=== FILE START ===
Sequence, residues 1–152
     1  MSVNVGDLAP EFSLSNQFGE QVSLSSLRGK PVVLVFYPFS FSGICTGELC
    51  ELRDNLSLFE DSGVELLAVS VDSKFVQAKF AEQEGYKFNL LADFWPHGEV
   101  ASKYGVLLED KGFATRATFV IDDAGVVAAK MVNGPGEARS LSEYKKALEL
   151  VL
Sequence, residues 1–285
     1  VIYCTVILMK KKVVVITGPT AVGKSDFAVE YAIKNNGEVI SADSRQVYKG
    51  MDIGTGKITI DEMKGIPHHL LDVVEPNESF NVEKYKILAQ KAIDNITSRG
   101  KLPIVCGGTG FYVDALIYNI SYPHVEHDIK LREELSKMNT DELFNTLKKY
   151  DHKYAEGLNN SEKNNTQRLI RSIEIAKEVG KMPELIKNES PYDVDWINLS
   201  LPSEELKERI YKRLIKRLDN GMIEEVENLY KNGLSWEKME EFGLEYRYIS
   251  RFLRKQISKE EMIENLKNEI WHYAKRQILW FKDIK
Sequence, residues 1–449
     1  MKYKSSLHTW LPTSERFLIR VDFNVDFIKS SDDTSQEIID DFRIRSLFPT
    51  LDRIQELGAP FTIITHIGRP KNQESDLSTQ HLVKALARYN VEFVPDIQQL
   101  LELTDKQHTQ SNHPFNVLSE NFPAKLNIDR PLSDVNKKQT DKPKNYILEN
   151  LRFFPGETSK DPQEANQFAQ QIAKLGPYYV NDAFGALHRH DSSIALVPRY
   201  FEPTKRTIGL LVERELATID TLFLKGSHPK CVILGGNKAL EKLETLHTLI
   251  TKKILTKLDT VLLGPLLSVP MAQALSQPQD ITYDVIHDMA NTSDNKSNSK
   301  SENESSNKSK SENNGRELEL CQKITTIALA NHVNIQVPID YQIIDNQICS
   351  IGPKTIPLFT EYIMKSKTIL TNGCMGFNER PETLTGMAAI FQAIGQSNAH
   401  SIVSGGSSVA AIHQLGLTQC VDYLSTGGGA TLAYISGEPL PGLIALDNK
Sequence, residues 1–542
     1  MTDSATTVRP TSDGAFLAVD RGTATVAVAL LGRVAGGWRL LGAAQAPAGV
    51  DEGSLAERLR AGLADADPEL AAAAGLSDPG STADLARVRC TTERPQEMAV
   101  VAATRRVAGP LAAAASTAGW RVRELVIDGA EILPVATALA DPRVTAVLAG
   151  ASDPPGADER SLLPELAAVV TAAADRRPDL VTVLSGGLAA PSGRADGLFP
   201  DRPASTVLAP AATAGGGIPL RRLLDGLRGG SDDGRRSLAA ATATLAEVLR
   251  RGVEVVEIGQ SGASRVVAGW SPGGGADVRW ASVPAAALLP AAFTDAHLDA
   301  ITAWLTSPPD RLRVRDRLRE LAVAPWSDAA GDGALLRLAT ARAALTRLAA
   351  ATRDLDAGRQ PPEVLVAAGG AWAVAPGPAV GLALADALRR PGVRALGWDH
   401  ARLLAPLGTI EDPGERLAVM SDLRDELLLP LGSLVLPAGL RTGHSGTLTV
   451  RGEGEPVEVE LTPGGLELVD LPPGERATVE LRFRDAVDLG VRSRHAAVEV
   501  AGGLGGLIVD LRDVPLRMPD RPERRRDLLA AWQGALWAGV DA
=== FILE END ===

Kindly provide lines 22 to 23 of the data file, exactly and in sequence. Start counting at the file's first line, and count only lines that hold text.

   401  SIVSGGSSVA AIHQLGLTQC VDYLSTGGGA TLAYISGEPL PGLIALDNK
Sequence, residues 1–542